Aug. 5, 1966
The summer heat lay oppressively low on Shanghai, and Zheng Mingyi, 14, turned to the radio hoping for a diversion from the soaring mercury. What he heard that day changed his life and the lives of every citizen in the most populous nation on earth. In urgent tones, a news reader announced that Mao Zedong was exhorting citizens to rise up and "bombard the headquarters" to rid the party of his rivals and enemies. That day the Great Proletarian Cultural Revolution, announced two months before, took hold.
Schools were shuttered and swarms of youths dubbed Red Guards began rampaging through the streets persecuting and sometimes killing anyone who was rich or educated or just plain outspoken. The madness lasted for a decade, during which millions were thrown into labor camps or forcibly relocated from cities to farms. The simplest things became crimes: wearing Western clothing, hoarding a slice of meat, forgetting a line from Mao's Little Red Book.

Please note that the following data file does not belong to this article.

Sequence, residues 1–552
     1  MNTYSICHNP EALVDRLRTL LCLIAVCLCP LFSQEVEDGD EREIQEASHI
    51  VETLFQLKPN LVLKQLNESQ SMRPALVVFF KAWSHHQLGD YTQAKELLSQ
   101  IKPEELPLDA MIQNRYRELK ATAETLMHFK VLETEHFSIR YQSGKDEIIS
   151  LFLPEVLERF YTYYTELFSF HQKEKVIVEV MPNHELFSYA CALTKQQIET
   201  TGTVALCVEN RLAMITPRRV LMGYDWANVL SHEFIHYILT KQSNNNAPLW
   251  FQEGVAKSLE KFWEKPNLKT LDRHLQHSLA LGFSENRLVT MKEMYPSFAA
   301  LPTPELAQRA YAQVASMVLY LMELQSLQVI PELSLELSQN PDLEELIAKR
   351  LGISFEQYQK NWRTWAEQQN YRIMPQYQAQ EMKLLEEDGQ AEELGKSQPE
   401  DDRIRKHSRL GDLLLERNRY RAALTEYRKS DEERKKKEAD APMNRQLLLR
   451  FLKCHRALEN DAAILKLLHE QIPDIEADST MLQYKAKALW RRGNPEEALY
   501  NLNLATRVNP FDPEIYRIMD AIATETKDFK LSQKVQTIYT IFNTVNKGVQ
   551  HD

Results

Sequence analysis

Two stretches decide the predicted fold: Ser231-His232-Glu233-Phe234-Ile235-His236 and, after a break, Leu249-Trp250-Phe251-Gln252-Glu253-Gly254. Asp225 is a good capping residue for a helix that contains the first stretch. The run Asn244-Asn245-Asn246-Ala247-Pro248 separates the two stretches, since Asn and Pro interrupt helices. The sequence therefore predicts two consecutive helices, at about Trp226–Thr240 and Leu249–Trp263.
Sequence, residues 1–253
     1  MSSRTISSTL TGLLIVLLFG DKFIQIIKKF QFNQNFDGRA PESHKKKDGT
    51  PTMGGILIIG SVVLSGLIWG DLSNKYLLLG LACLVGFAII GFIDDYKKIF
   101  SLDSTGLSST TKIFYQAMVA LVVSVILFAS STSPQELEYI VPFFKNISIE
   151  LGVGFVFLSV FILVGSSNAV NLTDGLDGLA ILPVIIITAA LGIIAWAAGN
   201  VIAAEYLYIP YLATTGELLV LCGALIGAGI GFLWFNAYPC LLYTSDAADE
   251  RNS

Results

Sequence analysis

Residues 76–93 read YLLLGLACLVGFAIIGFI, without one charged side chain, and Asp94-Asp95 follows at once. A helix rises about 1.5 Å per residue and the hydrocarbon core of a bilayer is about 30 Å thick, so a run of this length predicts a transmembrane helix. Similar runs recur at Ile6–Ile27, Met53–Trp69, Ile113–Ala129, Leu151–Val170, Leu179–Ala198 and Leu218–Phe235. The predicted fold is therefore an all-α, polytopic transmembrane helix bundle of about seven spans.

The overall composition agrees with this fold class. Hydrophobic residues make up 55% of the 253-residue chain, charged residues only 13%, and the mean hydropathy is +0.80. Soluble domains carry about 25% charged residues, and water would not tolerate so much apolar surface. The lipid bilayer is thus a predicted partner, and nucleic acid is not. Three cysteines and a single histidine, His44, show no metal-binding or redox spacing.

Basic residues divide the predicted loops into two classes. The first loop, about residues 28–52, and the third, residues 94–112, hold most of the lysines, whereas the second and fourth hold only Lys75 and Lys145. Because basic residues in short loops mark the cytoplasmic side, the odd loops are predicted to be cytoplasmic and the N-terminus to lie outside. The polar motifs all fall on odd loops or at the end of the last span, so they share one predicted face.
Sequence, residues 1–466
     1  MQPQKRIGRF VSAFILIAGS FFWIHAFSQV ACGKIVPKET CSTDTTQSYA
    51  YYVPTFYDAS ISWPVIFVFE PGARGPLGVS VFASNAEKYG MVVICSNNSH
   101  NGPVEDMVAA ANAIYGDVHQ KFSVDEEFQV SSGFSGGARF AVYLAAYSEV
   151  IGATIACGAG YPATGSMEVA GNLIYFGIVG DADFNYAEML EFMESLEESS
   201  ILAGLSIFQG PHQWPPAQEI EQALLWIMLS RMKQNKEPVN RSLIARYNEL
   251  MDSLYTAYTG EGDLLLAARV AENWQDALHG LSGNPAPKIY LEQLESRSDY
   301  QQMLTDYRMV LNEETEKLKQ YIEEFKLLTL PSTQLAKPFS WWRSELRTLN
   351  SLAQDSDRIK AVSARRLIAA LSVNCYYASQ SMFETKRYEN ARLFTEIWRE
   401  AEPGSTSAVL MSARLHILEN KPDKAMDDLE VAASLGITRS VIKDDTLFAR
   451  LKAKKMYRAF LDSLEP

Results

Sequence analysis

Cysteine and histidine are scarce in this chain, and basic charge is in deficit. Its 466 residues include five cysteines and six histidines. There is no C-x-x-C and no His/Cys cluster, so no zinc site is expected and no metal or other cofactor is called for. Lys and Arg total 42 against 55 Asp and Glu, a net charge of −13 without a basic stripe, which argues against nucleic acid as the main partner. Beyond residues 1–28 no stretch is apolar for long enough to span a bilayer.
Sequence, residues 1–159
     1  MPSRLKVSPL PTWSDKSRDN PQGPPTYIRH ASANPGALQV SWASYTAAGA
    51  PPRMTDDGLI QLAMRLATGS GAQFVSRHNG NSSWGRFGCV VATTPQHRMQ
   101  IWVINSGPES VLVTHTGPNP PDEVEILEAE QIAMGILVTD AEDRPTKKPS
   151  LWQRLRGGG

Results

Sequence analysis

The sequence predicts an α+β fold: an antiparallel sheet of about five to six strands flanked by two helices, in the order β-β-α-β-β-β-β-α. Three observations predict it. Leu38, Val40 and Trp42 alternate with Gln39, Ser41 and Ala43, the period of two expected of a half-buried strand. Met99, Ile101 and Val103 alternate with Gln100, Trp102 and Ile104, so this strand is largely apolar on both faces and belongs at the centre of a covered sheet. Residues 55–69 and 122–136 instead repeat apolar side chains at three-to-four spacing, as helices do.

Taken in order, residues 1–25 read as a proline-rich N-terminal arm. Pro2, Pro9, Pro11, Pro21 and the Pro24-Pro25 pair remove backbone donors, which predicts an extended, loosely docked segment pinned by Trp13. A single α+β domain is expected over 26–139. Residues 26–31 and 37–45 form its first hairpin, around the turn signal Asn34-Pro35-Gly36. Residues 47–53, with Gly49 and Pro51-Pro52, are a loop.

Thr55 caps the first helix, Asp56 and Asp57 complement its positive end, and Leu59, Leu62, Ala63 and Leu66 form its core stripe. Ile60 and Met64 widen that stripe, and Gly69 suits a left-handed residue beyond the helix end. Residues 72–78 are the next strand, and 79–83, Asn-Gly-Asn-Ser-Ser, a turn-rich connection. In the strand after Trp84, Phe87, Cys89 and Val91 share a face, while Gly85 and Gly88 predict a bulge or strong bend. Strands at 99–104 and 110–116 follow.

For Zheng, the crackly radio message that day meant the dissolution of his family. He and his four siblings were dispersed across the country to remote villages as punishment for having a teacher as a father. By the time Zheng returned home seven years later, his father had been tortured by Red Guards and was dead.
It was a tale repeated exponentially across the nation. Even now when Zheng hears the radio start up, he shivers at what message the newscaster might bring.
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